(To read the first installment, written by slb, go here.)
The town in which I was born and raised, Clinton, Arkansas, is deep in the sparsely populated Ozark Mountains in the Bible Belt. Both of my parents were born there as well, but spent some of their childhoods in different states. My father’s parents were migrant farmworkers who picked tomatoes and cherries in the northern Plains states and moved back to Arkansas when he was a teenager.
My mother’s father’s family lost their farm in the Dust Bowl and moved to California, where he met my Portuguese grandmother. He rebought the farm and moved back, but spent the first decade or so of my mother’s life working for the United States Postal Service. They lived in Wyoming and the Dakotas and California again, for a brief time. That latter home is the pre-Arkansas era my mother remembers most, and when they moved back to Clinton she and her four brothers and sisters were perpetually tanned and used to others taking their Catholicism for granted.
They might have made up the entire Portuguese population of Arkansas, and were a sizable percentage of the scant Catholic population of Van Buren County. Mom’s peers were convinced that the Latin on the altar cloths was proof that Catholics worshipped two false idols, the Virgin Mary and the Devil. She said her teachers always asked her, in the faux-solicitous way of the ignorant and proud, whether there was anything she wanted to confess. Maybe she was never particularly devout, but this did nothing to endear her to her mother’s religion.
Until I was old enough to ask about it we did not go to church at all. By early elementary school, my sister and I had both encountered questions about whether we’d been saved* and what church we went to. This was a place in which children thought, and probably still think, that the world’s major religions are Baptist, Methodist, Church of Christ (not to be confused with UCC) and Pentecostal. Not going to church was a little like saying, “You all continue to speak English. We’ll go ahead and converse in Esperanto.” We asked our Mom to take us.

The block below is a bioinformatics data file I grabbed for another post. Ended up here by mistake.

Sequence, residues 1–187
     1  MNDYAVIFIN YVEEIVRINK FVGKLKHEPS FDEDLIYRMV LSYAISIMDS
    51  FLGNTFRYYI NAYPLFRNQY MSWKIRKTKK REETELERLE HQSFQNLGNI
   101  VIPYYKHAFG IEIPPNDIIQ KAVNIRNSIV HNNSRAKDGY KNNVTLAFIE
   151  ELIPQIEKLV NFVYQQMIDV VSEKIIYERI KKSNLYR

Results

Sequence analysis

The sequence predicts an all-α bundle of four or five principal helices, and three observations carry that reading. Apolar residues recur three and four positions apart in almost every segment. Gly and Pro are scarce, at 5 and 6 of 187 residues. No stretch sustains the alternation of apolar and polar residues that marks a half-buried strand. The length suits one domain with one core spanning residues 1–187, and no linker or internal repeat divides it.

At some point, we were invited by my dance-class friend Amy to her Southern Baptist church, which was halfway between the town we lived at the time, Shirley, and Clinton, where we took dance and moved soon after. The Sunday School teacher told my little sister, who was generally not well behaved, that she was so bad the Devil would open the ground and get her. Nightmares about that very thing happening ensued; our days were numbered at PeeDee Baptist Church.
Soon, the rest of our dance friends invited us to go to the United Methodist Church in Clinton. The Methodist church in the south is considered liberal, and it’s much more staid and less charismatic than some Methodist churches I’ve found in the north. We stayed there for the rest of my childhood. I was an altar girl and was confirmed when I was sixteen. My mom never considered herself particularly religious but, instead, spiritual. The church fed that notion, inviting Hindus and Buddhist and Muslims to speak to the grown-ups’ Sunday school class, and hosting several in-depth Bible studies courses that met at night. It became the spiritual home for the town’s only Jews, ex-Lutherans, and most of the people who came from the North to retire in the nearby community built to lure them.
My preacher at the time was an Italian ex-Catholic who had studied Latin and Greek and treated the church as another place for scholarship. He had a master’s degree, and referred to the Bible as “ancient poetry” after every Scripture reading. You have to understand, this is a place where my dad’s old co-worker, a heating and air specialist, got the calling and started running a Baptist Church without any kind of training whatsoever, like something out of a Flannery O’Connor novel. If you live in a place where people believe the word of God is actually bound in leather by Him and sent from the sky, you don’t treat studying the Bible as scholarship. It is a manual for living. So the church home we’d stumbled into was not going to answer the criticism we’d always felt from our peers.